The Government of Canada recently announced a certification program for its defense contractors that will align with the US Department of Defense (DoD) Cybersecurity Maturity Model Certification (CMMC) program.
Similar to the CMMC program, the primary objective of the Canadian Program for Cyber Security Certification (CPSCS) is to safeguard unclassified information. The Canadian Commercial Corporation (CCC) noted that it expects to include mandatory certification requirements in select federal defense contracts as early as winter 2024.
What does this mean for US defense contractors?
Canada’s implementation of a cybersecurity certification program that aligns with CMMC will mean more competition for DoD contracts from foreign defense suppliers. It’s also a clear sign of confidence that CMMC will be implemented in the United States.
CCC is a government-owned enterprise established to help Canadian businesses enter contracts with foreign governments in a wide range of sectors, including defense. CCC understands that Canadian defense contractors will need to meet CMMC standards to be a part of the US Defense Industrial Base (DIB) supply chain and do work for the DoD.
Canada—and the other countries in the Five Eyes intelligence network as well (Australia, New Zealand, and the United Kingdom, along with the United States)—expect to negotiate reciprocity agreements to recognize their cybersecurity certification programs as equivalent to the DoD’s CMMC program. As for timing, Stacy Bostjanik, DoD’s CMMC director, said in 2022 that after federal rulemaking is finalized for CMMC, additional rulemaking for establishing reciprocity with international partners will follow.
International reciprocity agreements for CMMC mean competition for DoD contracts not just from US-based defense contractors, but from contractors around the world too. Organizations that move to achieve CMMC certification as soon as that’s possible will be best positioned to win DoD work. Contractors that lack CMMC certification will find themselves shut out of the proposal process.
CMMC implementation to come in the United States
Perhaps most important, there should be no doubt in defense contractors’ minds that CMMC will be implemented by DoD as soon as it makes its way through the Federal rulemaking process. DoD’s 2023 Cyber Strategy, just released in Sept. 2023, states that to help ensure DIB cybersecurity, “the Department will continue implementation of the Cybersecurity Maturity Model Certification Program [CMMC].” DoD is not turning back.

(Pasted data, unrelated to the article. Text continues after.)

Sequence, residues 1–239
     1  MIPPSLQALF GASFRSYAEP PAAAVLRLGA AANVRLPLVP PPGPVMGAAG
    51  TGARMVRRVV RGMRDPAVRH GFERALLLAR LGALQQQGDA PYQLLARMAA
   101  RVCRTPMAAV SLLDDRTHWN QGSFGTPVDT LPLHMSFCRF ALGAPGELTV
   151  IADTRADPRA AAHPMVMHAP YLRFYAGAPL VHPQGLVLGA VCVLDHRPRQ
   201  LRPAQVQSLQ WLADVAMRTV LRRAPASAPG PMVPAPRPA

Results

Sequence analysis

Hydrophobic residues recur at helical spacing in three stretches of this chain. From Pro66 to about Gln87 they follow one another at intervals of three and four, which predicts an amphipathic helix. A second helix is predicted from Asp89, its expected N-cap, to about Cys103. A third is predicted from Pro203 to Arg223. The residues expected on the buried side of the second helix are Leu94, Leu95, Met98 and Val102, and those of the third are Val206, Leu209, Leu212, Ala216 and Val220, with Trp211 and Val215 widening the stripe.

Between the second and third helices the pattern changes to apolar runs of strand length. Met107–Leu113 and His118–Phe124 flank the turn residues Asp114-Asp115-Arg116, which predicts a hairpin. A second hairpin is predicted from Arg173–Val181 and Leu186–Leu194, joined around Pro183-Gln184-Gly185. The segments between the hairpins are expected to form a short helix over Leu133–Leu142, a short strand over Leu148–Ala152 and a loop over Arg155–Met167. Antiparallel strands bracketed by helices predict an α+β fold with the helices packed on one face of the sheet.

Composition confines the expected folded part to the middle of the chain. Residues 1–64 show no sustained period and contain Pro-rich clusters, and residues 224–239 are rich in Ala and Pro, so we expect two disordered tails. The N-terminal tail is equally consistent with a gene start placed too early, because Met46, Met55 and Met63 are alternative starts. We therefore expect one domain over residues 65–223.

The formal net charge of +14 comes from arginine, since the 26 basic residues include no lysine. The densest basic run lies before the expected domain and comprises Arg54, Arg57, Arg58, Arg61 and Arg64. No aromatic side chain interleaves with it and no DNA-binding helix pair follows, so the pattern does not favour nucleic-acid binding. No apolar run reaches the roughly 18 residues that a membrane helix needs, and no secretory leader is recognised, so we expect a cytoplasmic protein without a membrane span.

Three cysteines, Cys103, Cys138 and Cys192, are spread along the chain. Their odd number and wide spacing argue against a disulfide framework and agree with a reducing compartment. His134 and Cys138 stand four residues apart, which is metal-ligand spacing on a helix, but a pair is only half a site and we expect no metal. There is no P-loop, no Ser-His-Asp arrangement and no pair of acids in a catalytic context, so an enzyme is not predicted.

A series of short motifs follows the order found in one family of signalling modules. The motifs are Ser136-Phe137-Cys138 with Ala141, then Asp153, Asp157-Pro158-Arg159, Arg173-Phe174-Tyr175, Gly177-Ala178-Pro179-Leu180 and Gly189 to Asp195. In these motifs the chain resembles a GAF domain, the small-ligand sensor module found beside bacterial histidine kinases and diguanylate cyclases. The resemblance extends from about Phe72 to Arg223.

America’s allies—particularly those with which it has close intelligence sharing and cybersecurity relationships—are confident that CMMC will be implemented in the United States. Indeed, Canada isn’t the only country keeping a close eye on US cybersecurity standards: see for example the UK’s Ministry of Defence Compliance with Cyber Security Requirements from Other Nations and CMMC Certification in New Zealand.
CMMC is designed to increase defense contractors’ accountability and compliance with existing DoD regulations. CMMC has three levels that reflect increasingly sophisticated capabilities for protecting sensitive unclassified information. Once CMMC becomes law, all defense contractors—primes and subs—will need to achieve the CMMC level specified in their DoD contract.
Organizations that handle Controlled Unclassified Information (CUI) will need to achieve at least CMMC Level 2. Level 2 requires implementation of the 110 security controls specified in NIST SP 800-171 and outside, independent verification of that compliance. NIST SP 800-171 has been in effect since late 2017; any defense contractors that have not yet implemented its 110 controls need to move now to do so. Experts estimate that, depending on their current cybersecurity level, organizations will need 12-18 months on average to be ready for their CMMC Level 2 assessment.
To learn more:
If you need help or have questions about CMMC, NIST SP 800-171, or any other topics, please don’t hesitate to reach out and schedule a free 15-minute consultation with our compliance team.
Or you may wish to learn more by reading PreVeil’s white papers and blogs:
- A Guide to Understanding the Three CMMC Levels
- Complying with the Department of Defense’s Cybersecurity Maturity Model Certification (CMMC 2.0)
- NIST SP 800-171 Compliance: Improving Cybersecurity and Raising Your SPRS Score
- Case Study: Defense contractor achieves 110/110 score in NIST SP 800-171 DoD audit.
- CMMC Compliance Checklist: 12 Steps to Help You Get Ready for CMMC
- Who is responsible for protecting CUI?
- CMMC Assessment Guide
- CMMC in Rulemaking: Why Defense Contractors Should Start on Compliance Now
- Getting Started with NIST SP 800-171 Compliance in Higher Education.
- What is DFARS 252.204-7012 and Why is it Important?
Or learn more by watching our videos:
- [Webinar] The Business & Legal Risks of Not Complying with DFARS 7012 & CMMC
- [Video] What Is DFARS 7019 and What Does It Require?
- [Video] What Is DFARS 7020 and What Does It Require?
To access additional white papers, blogs and videos, please visit PreVeil’s resources page.